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The City of Hugo, Oklahoma, and the Hugo Municipal Authority, a public water trust, (collectively "Hugo") contracted with the City of Irving, Texas, ("Irving") for the sale of water Hugo has been allocated or sought to be allocated under permits issued by the Oklahoma Water Resources Board ("Board"). Hugo and Irving brought suit against the nine members of the Board for a declaration that certain Oklahoma laws governing the Board’s water allocation decisions were unconstitutional under the dormant Commerce Clause and an injunction prohibiting their enforcement. The district court granted summary judgment for the Board, and Hugo and Irving appealed. Upon review, the Tenth Circuit concluded that Hugo, as a political subdivision of Oklahoma, lacked standing to sue the Board under the dormant Commerce Clause. Irving, whose injury was solely premised on a contract it entered into with Hugo, likewise could not demonstrate standing because any injury to Irving cannot be redressed. Concluding no plaintiff had the necessary standing, the Court vacated the district court’s order and remanded the case back the district court to dismiss for lack of federal jurisdiction.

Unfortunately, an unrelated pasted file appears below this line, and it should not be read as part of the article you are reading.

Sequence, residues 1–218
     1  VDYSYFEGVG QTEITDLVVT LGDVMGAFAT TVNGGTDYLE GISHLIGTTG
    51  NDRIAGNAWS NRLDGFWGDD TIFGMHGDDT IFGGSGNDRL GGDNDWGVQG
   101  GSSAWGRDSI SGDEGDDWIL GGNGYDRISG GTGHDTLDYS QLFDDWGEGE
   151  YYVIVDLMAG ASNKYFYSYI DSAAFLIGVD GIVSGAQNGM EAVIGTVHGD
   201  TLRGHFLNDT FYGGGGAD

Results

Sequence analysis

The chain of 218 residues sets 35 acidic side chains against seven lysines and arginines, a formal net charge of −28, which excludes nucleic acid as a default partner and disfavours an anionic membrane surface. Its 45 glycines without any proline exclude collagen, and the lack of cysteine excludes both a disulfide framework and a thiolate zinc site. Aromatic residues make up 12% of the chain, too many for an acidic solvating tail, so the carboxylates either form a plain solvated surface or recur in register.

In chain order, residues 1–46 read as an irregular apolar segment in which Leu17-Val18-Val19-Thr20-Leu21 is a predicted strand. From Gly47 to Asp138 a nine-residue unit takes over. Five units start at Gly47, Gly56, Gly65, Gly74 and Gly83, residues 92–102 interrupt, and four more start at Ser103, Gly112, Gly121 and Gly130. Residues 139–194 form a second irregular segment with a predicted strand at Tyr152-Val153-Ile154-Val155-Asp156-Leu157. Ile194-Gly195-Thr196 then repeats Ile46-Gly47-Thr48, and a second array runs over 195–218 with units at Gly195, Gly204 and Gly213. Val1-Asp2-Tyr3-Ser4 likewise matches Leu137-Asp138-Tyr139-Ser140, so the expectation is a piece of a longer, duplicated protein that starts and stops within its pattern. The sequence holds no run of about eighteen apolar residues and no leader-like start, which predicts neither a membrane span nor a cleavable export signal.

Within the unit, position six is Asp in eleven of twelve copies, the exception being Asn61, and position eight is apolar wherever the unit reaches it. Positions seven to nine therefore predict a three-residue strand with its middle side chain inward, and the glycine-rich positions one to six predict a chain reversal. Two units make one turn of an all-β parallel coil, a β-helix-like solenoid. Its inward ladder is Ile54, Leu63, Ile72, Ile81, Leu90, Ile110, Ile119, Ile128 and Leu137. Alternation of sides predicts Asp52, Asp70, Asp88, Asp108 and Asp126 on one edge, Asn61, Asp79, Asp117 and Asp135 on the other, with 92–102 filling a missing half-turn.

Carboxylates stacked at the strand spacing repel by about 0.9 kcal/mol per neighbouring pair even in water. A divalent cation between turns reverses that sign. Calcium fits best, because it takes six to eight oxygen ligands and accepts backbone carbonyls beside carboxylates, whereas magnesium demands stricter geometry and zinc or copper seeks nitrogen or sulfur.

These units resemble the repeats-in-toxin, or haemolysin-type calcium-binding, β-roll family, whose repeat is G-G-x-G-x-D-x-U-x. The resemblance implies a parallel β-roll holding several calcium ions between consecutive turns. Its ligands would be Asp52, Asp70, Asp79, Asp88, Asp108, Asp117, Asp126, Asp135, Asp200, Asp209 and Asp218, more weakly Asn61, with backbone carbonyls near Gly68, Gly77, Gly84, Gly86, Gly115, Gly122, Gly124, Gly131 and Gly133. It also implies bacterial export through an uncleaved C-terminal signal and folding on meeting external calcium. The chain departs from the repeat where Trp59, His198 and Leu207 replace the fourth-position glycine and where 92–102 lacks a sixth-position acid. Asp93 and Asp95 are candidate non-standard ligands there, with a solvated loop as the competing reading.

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Tarrant Regional Water District ("Tarrant"), a Texas state agency, applied to the Oklahoma Water Resources Board ("the OWRB") for permits to appropriate water at three locations in Oklahoma for use in Texas. Just before filing its applications, Tarrant sued the nine members of the Oklahoma Water Resources Board in the district court for the Western District of Oklahoma and sought a declaratory judgment to invalidate certain Oklahoma statutes that govern the appropriation and use of water and an injunction preventing OWRB from enforcing them. Tarrant alleged that the Oklahoma statutes restricted interstate commerce in water and thereby violated the dormant Commerce Clause as discriminatory or unduly burdensome. Tarrant further alleged that Congress did not authorize Oklahoma through the Red River Compact ("Compact") to enact such laws. OWRB responded that Congress did authorize Oklahoma to adopt these statutes by consenting to the Compact. Tarrant also claimed that the Compact preempted the Oklahoma statutes insofar as the Compact applied to Tarrant’s application to appropriate water located in the Red River Basin. The district court granted summary judgment for OWRB on both the dormant Commerce Clause and Supremacy Clause claims. After that decision, Tarrant took steps to export to Texas Oklahoma water that was not subject to the Compact. Tarrant negotiated a contract with property owners in Stephens County, Oklahoma to export groundwater to Texas and also entered a memorandum of understanding (MOU) with the Apache Tribe concerning the Tribe’s potential water rights. In court Tarrant then reasserted its dormant Commerce Clause challenge based on these transactions. The district court dismissed the Stephens County matter for lack of standing and the Apache Tribe matter as not ripe. Upon review, the Tenth Circuit affirmed the grants of summary judgment on the dormant Commerce Clause and preemption issues, and the dismissals based on standing and ripeness: [w]e hold that the Red River Compact insulates Oklahoma water statutes from dormant Commerce Clause challenge insofar as they apply to surface water subject to the Compact."